Vegetable suet puddings with a cheese & mustard sauce

Steamed suet puddings (whether sweet or savoury) are up there among my top 5 all-time favourite dishes: they epitomise comfort eating for me. These savoury steamed puddings are packed with a variety of vegetables in a light cheese and mustard sauce that oozes out as you cut into them.

Importantly, both the flavour and the texture of the vegetables are easily identifiable in these puddings. There is a small amount of lightly pickled cauliflower that adds crunch and a subtle piquancy, cutting through the richness of the cheese, although the filling itself is neither too cheesy nor too heavy. Lightly pickled vegetables are lovely to munch on in their own right!

These puddings are great served with a salad of choice or with vegetables that would typically be served with a roast. There is some sauce from the puddings but you could make up a light gravy or a thin parsley sauce to go with them.

The puddings can also be made up a couple of days in advance, and wrapped in foil, before steaming.


  • You can use all manner of vegetables here: other favourites of mine include sweetcorn, peas, leeks and fennel.
  • Instead of the pickled cauliflower, radishes or onions are excellent to pickle.
  • This works well with other cheeses, too, although use a cheese that is not likely to dominate too easily; while you want to taste the cheese, the vegetables should be the star! You can, of course, omit the cheese altogether.
  • You can make these into one large steamed pudding, steaming for about 90 minutes or so.
  • The vegetable mixture makes an excellent filling for pasties or pies, using either puff pastry or shortcrust pastry, although for pies I would cut the vegetables into chunkier pieces.

Steamed vegetable puddings – makes 6 individual puddings

suet pastry:

  • 300g self-raising flour
  • 150g suet
  • 1 teaspoon mustard powder
  • 1 teaspoon salt
  • grinding of black pepper
  • about 200ml cold water

vegetable filling:

  • 2 medium carrots, peeled and finely diced
  • 1 medium onion, peeled and finely diced
  • about 100g cauliflower, cut into small florets and chopped small
  • a few small new potatoes, scrubbed and diced
  • 2 cloves garlic, peeled and crushed
  • a couple of sprigs of fresh thyme
  • salt and freshly ground pepper
  • knob of butter

pickled cauliflower:

  • 60ml white wine vinegar
  • 20ml granulated sugar
  • 20ml water
  • 1 heaped teaspoon mustard seeds, crushed
  • 50g cauliflower, sliced thinly for pickling

cheese sauce:

  • 40g butter
  • 40g plain flour
  • 400ml milk
  • salt and freshly milled black pepper
  • 1 heaped teaspoon grain mustard
  • 70g cheese (I used mature Cheddar)

You will need 6 individual pudding or dariole moulds, well buttered.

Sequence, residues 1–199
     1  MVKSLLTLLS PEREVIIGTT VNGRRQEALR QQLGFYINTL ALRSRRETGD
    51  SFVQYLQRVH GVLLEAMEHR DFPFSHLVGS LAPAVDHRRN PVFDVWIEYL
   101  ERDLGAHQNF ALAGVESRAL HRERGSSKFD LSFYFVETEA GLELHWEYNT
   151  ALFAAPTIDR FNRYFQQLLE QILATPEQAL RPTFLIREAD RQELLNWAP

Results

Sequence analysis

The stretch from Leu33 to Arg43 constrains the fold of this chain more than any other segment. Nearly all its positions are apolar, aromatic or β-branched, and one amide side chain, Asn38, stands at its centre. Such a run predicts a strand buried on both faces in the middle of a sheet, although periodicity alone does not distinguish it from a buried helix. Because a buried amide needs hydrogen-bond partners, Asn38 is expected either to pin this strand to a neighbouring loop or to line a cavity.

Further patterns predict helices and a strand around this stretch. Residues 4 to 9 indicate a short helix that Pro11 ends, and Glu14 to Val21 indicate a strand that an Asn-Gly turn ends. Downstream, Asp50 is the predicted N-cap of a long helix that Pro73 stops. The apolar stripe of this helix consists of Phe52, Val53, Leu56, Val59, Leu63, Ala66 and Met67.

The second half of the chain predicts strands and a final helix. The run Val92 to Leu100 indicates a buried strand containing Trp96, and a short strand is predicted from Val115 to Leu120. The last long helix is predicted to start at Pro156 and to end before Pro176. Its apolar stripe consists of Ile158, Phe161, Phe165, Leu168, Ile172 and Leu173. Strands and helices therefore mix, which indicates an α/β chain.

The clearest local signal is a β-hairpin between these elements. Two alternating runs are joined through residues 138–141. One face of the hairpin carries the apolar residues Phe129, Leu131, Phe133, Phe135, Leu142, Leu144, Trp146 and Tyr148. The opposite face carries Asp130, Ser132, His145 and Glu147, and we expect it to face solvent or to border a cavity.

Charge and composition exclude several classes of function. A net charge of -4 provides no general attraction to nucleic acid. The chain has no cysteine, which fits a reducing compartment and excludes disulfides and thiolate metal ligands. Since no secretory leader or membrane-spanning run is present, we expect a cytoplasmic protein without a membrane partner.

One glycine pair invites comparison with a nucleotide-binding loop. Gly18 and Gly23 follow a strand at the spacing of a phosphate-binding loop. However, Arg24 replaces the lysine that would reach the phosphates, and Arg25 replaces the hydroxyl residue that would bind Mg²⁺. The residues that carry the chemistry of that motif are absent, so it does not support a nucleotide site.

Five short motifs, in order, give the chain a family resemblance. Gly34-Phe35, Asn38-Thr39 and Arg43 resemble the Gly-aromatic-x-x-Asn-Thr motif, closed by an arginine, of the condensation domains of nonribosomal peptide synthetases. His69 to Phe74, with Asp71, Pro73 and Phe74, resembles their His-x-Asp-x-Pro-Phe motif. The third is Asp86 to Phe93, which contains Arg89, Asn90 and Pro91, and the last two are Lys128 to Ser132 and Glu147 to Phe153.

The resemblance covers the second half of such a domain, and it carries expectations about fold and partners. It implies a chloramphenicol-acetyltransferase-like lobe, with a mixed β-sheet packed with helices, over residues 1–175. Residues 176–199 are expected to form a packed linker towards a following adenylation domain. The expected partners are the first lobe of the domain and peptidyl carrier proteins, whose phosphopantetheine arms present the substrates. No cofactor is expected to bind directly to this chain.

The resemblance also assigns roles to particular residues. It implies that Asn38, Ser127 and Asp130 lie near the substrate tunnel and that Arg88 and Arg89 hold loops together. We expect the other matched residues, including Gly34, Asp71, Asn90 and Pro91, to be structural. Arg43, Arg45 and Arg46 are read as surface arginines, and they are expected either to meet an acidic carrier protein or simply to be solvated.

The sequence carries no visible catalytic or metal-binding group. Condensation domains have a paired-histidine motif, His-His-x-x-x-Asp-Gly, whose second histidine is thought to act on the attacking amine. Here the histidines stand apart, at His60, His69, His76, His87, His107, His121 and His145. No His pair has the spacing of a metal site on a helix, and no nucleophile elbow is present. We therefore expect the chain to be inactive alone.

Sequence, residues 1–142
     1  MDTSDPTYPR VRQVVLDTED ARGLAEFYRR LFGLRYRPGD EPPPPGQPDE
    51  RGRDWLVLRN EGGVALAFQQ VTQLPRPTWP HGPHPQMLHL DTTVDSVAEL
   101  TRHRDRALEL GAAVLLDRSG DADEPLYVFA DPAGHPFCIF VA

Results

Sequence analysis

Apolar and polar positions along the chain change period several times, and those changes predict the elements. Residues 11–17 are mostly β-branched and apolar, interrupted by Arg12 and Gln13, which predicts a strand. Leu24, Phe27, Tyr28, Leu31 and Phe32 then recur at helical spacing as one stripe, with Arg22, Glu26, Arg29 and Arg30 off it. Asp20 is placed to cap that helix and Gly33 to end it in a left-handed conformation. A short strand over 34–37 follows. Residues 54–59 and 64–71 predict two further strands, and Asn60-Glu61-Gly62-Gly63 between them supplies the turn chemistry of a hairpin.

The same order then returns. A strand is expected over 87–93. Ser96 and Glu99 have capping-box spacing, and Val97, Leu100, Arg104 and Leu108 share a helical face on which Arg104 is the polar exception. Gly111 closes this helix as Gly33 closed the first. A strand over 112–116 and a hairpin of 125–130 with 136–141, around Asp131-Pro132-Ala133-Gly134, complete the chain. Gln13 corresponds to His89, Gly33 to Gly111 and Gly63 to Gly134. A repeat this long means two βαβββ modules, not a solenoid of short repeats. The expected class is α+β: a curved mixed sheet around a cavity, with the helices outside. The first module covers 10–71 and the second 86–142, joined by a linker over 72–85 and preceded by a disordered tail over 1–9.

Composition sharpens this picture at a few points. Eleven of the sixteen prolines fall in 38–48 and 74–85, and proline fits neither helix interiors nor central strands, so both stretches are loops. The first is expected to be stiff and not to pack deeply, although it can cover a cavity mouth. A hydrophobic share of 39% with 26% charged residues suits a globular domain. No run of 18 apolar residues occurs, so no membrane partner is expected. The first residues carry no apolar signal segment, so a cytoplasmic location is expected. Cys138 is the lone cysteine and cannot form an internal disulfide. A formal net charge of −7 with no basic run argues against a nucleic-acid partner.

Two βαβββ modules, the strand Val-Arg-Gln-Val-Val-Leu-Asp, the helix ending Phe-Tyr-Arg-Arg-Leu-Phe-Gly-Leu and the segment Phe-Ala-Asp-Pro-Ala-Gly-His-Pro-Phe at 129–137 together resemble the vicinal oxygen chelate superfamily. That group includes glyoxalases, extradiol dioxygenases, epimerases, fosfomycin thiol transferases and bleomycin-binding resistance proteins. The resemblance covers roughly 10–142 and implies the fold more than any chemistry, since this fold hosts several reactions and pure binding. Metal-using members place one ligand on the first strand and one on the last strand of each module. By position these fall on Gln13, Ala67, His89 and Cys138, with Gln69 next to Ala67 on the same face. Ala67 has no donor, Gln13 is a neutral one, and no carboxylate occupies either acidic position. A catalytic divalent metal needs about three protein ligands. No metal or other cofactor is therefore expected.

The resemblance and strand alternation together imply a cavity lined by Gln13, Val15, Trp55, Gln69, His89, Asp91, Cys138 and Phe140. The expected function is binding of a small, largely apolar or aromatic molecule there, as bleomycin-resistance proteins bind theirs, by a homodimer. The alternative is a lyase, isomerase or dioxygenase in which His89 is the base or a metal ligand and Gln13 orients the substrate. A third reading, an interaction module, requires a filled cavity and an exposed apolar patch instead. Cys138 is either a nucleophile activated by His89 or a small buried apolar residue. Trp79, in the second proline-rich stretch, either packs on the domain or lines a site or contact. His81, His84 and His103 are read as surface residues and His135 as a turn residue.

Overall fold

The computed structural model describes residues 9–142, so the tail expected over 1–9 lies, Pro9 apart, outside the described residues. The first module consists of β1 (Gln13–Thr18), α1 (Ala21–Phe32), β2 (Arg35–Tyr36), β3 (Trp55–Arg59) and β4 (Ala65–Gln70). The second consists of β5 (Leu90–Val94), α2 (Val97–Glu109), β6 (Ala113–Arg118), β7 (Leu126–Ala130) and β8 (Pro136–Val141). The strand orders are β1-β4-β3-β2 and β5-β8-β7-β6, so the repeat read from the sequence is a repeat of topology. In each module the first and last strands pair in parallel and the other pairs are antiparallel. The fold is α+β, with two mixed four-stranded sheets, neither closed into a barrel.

(1) Pickle the cauliflower: heat the vinegar, sugar and water together in a small pan until the sugar has dissolved and pour this liquor over the cauliflower. Leave for a couple of hours or overnight, to allow the cauliflower to take on a little of the pickling flavour.

(2) Prepare the vegetable filling: heat the butter in a pan and add the vegetables, thyme and seasoning. Sauté gently for about 10 minutes, without browning, until just starting to soften. Taste and adjust seasoning if necessary.

(3) Make the cheese sauce: heat the butter in a pan over a gentle heat until melted and starting to sizzle. Add the flour and seasoning and mix well into the butter. Cook gently, stirring all the time, for a couple of minutes to form the roux. Remove from the heat and add the milk a little at a time, stirring well to incorporate it into the roux. Return to the heat, bring gently to the boil, stirring all the time, and let the sauce simmer for about 5 minutes. Remove from the heat and stir in the cheese until it has melted. You will have a sauce that is about the consistency of double cream: if it is too thick, add more milk.

(4) Mix the cheese sauce with the cooked vegetables and taste, adjusting if necessary. Leave to cool. Remove the pickled cauliflower from its pickling liquor and stir this into the vegetable mixture.

(5) Make the pastry: sift the flour, mustard powder and salt into a bowl. Add enough water to form a soft, but not sticky, dough.

(6) Roll out about 3/4 of the pastry thinly and cut into circles of approximately 15cm in diameter, using a small saucer as a template – you might need to re-roll the trimmings to get 6 circles. Line the moulds with the pastry: you don’t need to be too delicate with this as the pastry is very well-behaved.  Spoon the cooled vegetable mixture into the pastry, coming up to just below the rims.

(7) Roll out the remaining pastry dough, and cut into circles the same size as the top of the moulds. Wet the pastry rims and stick the pastry lids to the rims. I press the back of a fork against the rim to ensure it is sealed.

(8) Wrap each pudding in foil, not too tightly, with a pleat along the top to allow for expansion. Steam for about 40 minutes before removing each pudding from its mould and serving.



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